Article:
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Re: House of omgwhyamIturningmybook Leaves.

Postby johnie104 » Sun Nov 09, 2008 8:21 pm UTC

My local library doesn't have the original English version. Would I be missing out on something if I read a translated version?
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Re: House of omgwhyamIturningmybook Leaves.

Postby kinigget » Mon Nov 10, 2008 1:42 am UTC

possibly, but half the time it's not the words alone that make the greatest impact, I speak specifically of chapter IX, which is a record of exploration #4. It will get to you no matter what language it's written in.
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Re: House of omgwhyamIturningmybook Leaves.

Postby Malice » Mon Nov 10, 2008 5:53 am UTC

johnie104 wrote:My local library doesn't have the original English version. Would I be missing out on something if I read a translated version?


Depends on how well it is translated. There's a lot of subtleties using puns, typos, and echoes ("a sonata for a son", that sort of thing); I'm not sure that can all be translated into another language.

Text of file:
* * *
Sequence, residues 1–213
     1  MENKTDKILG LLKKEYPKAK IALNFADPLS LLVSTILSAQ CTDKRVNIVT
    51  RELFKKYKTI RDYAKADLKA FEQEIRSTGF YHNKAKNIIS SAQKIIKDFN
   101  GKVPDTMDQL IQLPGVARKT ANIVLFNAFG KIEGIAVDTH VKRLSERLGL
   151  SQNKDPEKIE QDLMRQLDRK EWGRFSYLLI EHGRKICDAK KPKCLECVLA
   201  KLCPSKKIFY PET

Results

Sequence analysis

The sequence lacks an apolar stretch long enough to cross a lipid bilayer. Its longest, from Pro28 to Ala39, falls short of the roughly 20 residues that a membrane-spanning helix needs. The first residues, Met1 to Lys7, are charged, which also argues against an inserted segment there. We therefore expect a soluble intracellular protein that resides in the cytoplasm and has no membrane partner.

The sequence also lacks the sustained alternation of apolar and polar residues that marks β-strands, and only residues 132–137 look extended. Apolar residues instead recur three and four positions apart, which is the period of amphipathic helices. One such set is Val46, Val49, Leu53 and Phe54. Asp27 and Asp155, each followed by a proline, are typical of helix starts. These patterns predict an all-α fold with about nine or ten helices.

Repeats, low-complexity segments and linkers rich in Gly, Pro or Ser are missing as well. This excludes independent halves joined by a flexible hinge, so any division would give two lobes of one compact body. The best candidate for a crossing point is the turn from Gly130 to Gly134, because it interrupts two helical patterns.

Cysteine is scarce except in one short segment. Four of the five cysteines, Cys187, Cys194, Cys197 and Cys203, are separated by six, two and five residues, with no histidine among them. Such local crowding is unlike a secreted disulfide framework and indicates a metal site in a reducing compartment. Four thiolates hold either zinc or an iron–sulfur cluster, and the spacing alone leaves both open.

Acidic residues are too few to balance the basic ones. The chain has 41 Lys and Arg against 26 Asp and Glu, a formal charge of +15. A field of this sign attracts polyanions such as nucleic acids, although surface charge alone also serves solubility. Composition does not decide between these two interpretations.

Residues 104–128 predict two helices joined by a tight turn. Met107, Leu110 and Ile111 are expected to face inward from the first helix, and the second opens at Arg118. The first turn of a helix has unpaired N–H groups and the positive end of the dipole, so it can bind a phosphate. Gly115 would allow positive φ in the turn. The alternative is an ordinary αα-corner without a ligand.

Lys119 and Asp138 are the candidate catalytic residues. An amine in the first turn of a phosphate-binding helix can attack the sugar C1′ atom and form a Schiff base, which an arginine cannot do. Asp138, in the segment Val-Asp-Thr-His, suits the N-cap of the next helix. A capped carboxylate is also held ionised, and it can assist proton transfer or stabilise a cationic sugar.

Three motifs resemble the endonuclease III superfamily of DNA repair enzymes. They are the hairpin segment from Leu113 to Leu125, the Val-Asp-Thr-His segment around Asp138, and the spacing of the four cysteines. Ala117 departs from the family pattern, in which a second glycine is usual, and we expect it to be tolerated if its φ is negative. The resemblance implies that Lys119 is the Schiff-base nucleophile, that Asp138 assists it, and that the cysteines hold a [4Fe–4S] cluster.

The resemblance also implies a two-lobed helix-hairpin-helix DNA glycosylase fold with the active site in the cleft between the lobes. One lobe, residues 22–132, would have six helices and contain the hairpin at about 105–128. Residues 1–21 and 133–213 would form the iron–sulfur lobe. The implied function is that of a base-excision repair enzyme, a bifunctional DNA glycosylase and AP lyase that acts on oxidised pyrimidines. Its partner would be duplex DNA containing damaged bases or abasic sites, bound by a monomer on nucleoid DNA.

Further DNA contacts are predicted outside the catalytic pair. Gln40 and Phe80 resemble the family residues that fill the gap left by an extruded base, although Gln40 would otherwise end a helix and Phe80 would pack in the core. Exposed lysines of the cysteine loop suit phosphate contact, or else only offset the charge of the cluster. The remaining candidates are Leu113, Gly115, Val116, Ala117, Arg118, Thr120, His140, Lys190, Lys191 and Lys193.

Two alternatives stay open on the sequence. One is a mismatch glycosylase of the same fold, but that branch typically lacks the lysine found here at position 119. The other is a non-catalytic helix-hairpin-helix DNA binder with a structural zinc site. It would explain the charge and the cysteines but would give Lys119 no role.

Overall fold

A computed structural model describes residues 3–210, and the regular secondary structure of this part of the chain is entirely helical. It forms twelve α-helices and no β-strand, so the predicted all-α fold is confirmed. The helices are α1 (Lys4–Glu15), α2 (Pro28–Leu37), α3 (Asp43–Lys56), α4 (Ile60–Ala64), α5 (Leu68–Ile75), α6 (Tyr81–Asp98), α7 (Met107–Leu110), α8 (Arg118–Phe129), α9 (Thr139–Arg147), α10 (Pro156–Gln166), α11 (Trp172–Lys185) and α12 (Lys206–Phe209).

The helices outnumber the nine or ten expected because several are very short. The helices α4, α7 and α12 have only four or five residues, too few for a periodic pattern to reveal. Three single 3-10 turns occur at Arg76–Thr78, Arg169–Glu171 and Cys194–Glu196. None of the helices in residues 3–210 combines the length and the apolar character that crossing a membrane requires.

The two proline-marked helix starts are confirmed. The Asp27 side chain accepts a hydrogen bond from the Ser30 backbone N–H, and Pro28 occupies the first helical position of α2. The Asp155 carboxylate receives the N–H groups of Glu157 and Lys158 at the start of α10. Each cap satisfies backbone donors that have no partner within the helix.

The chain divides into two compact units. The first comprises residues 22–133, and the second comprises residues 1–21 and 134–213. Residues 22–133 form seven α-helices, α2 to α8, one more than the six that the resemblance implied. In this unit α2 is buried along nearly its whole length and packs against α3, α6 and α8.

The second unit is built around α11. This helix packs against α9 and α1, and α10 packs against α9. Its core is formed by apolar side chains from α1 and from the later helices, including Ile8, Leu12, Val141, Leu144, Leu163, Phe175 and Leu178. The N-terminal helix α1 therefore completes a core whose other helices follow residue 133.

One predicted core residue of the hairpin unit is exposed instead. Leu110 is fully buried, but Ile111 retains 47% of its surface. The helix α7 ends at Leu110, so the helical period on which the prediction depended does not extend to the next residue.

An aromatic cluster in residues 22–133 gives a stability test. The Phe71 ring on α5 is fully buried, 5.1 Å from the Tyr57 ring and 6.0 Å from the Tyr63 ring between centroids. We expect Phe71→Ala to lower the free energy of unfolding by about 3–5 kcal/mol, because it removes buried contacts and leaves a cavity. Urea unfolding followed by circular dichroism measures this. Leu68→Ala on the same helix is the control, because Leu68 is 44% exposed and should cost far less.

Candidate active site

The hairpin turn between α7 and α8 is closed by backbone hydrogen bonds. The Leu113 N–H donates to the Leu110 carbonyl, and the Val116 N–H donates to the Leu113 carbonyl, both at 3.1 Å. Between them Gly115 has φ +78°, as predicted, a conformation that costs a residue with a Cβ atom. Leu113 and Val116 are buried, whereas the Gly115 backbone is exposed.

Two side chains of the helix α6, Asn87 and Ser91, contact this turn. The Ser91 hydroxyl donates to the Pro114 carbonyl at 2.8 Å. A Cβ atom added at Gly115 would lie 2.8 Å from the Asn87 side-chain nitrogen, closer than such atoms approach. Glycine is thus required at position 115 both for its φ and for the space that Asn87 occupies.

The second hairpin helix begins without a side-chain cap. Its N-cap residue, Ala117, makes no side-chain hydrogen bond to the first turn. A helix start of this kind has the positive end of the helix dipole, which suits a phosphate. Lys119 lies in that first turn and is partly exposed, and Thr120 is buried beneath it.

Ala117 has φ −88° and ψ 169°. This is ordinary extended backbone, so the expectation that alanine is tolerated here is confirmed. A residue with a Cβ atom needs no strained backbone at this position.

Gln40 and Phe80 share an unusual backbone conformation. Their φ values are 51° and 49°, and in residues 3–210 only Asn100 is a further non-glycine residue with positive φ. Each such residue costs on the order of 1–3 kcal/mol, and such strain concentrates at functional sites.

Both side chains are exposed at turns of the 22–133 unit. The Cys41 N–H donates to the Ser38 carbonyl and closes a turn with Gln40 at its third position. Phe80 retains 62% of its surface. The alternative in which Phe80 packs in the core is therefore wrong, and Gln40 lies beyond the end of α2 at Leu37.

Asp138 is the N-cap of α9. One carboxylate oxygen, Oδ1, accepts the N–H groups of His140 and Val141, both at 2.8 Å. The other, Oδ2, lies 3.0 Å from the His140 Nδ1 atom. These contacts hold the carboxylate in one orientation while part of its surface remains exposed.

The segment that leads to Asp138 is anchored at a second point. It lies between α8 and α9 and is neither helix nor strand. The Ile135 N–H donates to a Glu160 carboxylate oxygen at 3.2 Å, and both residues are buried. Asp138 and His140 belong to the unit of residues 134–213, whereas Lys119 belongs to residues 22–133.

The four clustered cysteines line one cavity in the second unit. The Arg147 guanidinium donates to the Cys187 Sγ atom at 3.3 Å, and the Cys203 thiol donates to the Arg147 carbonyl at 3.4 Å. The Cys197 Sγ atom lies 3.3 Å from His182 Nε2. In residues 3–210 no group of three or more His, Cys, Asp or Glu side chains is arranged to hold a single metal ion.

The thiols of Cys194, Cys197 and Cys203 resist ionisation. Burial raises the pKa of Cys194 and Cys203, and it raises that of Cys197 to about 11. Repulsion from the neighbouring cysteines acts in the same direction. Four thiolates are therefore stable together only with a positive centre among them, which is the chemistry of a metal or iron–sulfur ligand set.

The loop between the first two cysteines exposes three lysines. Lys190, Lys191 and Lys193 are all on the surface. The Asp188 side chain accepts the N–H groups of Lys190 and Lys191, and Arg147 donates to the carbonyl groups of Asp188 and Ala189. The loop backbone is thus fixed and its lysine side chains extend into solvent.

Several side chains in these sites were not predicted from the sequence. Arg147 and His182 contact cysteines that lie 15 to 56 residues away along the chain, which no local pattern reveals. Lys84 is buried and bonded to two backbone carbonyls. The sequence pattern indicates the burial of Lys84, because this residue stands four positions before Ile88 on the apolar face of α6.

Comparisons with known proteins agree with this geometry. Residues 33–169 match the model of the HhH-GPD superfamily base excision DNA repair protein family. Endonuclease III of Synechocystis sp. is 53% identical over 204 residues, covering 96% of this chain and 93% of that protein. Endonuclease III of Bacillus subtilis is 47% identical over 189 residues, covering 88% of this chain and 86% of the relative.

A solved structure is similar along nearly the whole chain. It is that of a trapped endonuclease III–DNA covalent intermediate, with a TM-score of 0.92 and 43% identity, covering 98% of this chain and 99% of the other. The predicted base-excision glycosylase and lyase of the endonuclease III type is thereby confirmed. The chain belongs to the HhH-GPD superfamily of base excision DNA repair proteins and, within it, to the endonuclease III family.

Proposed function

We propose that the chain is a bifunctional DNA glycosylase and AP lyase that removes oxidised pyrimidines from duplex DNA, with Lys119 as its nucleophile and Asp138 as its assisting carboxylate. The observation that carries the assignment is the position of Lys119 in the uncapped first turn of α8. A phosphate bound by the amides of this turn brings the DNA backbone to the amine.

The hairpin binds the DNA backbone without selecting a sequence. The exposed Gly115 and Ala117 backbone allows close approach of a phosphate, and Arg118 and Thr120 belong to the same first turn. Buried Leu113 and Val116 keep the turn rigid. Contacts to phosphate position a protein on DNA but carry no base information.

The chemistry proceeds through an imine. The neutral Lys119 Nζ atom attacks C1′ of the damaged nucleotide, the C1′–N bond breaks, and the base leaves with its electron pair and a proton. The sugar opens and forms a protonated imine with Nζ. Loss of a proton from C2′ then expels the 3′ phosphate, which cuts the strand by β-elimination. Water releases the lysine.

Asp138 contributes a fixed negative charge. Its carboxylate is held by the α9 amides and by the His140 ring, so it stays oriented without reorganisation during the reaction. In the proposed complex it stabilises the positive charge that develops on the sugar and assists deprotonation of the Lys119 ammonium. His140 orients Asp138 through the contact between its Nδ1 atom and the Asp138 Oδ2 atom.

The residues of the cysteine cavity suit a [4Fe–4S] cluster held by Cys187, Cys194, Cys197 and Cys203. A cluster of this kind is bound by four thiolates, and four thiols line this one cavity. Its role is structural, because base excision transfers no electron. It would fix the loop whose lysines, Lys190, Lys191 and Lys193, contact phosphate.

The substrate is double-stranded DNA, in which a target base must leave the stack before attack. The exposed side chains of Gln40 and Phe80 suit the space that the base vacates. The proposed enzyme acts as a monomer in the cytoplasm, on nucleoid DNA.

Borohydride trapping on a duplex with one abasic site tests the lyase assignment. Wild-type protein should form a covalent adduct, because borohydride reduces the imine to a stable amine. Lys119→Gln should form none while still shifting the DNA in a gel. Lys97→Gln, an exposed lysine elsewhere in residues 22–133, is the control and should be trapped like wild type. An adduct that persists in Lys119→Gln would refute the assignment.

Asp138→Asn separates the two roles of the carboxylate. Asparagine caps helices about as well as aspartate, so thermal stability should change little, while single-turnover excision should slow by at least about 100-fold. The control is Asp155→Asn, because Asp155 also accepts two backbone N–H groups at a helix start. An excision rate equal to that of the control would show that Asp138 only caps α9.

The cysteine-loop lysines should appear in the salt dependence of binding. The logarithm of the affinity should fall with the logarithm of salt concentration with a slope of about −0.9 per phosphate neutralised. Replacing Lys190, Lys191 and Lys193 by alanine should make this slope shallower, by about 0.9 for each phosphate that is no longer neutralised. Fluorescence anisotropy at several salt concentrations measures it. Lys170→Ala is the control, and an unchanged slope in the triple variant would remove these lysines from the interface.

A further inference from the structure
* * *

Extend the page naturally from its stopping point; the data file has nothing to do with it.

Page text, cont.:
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Re: House of omgwhyamIturningmybook Leaves.

Postby Nyarlathotep » Mon Nov 10, 2008 6:23 pm UTC

Malice wrote:Anyway, it'll make an excellent movie, once it's changed around just a little. And added to, of course--any film has to give it another layer or two in order to be worthwhile. I hope I'll get the chance to do that. Which is not to say I want Mark to die. I'd much rather convince him to change his mind.


I may have mentioned this before - probably in this very thread - but in my humble opinion the best way to do a film of this book would be to release about five or six different versions of the Navidson Record into theatres; but then for the DVD release have an edition called House of Leaves. It starts out like a very, VERY plain DVD of the Navidson Record - like, blank white background, title, and Watch Movie - but after you watch it once, there's another option that shows up (and you have to have watched it once) called Director's Commentary. And then you watch that, and you get a story about two filmmakers trying to make a film of the book House of Leaves and how they couldn't find Johnny Truant but they're making the film anyway, and have bits of the film start to cut away to THEIR story at strange points.